Jo Vill (JV) and Chad Vill (CV)
(JV): Why did you want to learn to DJ?
(CV): I didn’t. [Laughs] I used to see you doing it all the time and the equipment was always around but it’s like, that’s my dad’s thing. I’m not doing that.
JV: But I remember I came into the room one day and I saw you putting the record on a needle and scratching. I was like, ‘Oh, no, you can’t be scratching up my stuff.’ So I went and got you your own record, which was a Ninja Turtle record —
JV: — And you scratched that thing to death. [Laughs] And it turned out that you had a natural talent. It made me proud that you were able to kinda follow my footsteps.
CV: You know, when the pandemic happened, all of the clubs got shut down. In the back of my head, I thought, you know, this isn’t going to last too long. This will probably be a couple of weeks and I’ll be right back.
JV: It was kind of eerie at first because all you heard all night long was an ambulance going by. And so that was like a signal that somebody else is sick.Then when we started hearing of all the deaths that were occurring, my cousin passed away, then it got real.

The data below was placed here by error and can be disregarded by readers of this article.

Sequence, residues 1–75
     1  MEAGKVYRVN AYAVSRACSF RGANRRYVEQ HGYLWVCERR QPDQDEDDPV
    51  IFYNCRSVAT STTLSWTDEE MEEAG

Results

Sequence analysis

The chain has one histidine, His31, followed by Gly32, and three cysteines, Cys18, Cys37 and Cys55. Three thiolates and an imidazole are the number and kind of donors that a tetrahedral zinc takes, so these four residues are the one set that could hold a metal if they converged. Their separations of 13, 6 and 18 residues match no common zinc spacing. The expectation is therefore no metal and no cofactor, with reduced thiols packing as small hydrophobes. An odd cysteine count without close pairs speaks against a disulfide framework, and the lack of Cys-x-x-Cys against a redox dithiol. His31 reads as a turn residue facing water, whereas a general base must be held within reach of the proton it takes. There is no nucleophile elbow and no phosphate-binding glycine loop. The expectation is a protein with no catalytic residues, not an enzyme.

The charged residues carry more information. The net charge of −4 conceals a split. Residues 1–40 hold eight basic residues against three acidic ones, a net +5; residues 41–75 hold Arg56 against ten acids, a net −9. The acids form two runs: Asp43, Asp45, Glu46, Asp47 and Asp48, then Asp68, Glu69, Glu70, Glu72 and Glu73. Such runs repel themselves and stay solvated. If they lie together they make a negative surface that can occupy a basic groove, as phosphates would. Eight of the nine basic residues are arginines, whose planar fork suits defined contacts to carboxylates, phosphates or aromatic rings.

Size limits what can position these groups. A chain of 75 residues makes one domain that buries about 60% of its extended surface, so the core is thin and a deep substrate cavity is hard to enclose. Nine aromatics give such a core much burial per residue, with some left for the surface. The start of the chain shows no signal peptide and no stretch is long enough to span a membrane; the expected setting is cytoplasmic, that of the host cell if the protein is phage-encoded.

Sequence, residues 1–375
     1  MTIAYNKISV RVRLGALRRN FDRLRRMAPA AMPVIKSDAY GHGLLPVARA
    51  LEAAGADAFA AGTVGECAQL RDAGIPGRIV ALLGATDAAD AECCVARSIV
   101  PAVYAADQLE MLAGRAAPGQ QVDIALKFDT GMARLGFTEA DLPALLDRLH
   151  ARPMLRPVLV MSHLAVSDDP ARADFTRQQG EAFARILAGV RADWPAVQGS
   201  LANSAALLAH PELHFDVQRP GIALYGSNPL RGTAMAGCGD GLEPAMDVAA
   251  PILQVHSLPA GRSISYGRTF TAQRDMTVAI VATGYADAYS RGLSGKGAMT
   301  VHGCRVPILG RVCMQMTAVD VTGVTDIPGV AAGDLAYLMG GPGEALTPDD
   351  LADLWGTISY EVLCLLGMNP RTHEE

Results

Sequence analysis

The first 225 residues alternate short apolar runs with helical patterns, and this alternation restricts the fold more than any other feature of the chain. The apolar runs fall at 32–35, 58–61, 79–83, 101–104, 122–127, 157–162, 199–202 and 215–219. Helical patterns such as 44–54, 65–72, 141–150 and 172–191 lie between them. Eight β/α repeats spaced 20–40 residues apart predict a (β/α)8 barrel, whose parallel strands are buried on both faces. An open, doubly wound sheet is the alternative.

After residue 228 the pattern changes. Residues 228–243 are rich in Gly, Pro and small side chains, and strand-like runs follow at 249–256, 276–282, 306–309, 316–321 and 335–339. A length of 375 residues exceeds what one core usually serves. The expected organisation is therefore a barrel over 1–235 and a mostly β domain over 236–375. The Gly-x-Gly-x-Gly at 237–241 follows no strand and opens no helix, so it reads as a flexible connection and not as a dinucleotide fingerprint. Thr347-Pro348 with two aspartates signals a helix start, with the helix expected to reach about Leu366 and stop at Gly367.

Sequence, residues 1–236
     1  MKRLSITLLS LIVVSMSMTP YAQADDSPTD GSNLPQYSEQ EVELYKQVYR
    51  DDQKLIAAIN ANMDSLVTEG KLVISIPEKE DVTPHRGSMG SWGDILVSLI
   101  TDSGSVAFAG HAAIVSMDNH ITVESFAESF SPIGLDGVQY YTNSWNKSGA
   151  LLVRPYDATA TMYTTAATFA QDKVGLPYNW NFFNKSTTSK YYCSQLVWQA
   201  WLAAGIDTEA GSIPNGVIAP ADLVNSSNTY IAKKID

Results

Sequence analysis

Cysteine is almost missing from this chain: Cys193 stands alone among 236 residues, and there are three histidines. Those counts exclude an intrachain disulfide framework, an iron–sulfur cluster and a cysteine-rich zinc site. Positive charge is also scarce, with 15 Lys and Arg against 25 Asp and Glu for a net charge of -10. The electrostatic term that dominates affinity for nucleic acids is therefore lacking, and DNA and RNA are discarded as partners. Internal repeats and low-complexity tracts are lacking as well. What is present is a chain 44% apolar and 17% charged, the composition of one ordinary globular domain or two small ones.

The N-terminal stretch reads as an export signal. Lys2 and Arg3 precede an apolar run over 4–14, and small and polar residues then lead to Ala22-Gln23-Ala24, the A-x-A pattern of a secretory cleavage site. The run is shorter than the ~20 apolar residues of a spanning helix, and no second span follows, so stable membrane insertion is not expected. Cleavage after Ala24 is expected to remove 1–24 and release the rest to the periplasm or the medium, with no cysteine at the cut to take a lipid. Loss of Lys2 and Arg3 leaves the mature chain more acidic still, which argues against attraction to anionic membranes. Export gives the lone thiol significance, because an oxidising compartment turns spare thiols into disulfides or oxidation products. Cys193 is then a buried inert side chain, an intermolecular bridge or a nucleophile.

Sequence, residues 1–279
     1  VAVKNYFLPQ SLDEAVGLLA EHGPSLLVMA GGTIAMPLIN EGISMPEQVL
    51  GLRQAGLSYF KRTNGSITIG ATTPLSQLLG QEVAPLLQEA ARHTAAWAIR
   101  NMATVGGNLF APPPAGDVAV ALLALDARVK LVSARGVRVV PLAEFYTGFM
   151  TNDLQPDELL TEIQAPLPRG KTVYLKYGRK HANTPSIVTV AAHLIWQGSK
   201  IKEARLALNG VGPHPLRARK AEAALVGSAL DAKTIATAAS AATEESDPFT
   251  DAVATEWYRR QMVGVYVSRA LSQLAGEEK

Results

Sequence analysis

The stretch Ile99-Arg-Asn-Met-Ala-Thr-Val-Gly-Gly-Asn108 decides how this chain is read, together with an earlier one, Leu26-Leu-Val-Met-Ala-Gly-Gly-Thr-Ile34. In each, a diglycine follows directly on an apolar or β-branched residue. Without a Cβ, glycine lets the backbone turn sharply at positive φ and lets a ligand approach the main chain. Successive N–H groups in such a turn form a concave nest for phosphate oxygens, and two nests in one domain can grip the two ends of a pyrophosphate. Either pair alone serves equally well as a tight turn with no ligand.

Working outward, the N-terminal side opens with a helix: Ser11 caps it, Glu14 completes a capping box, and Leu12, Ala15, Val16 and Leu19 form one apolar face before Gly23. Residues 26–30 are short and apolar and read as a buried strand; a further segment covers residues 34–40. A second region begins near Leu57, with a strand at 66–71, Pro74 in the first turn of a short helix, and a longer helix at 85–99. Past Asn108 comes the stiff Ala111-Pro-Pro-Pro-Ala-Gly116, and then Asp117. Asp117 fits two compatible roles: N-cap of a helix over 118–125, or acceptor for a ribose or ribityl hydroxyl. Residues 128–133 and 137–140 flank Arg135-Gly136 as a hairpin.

CV: No one was really walking around. Everybody was, was pretty much scared.
JV: People felt like they were locked in, isolated, alone, afraid. And so, we’re DJs, I said, ‘Let’s put a speaker out in the street.’ And every day we would come together and try to choose what would be the song for the day. And then it stretched out to two songs. Then the neighbors would make suggestions for a song. And we saw the transition from one speaker, to two speaker, to a total of six speakers and the next thing you know, we had a street full of people.
CV: Black, white, straight, gay, Asian, Spanish, everyone was there. The melting pot that they say New York is.
JV: With everybody wearing masks and Mom’s running around spraying people with alcohol if she saw them touching each other.
CV: We wanted to make other people feel better.
JV: And it worked.
CV: Yeah. We’ve had bus drivers drive, stop at the light, open the door, dance a little bit, wave to us, keep going. We’ve seen the mailman drive by and everybody clap for him. You know, the thing was like, we all lived next to each other for years but…
JV: Yeah, we’ve been on the block since 1989.
CV: People would walk by and not say anything and now, people say, ‘Hey, Chad. Hey, Jo.’ Like, we know people’s names.
JV: You can’t walk by without speaking to each other. I think we’re more of a community than we were before. You reap what you sow. You sow love, you sow love, you get love back. Not always back from the source that you think you’re gonna get it, because I sure didn’t think it was going to come this way, but it did, and I’m glad it did.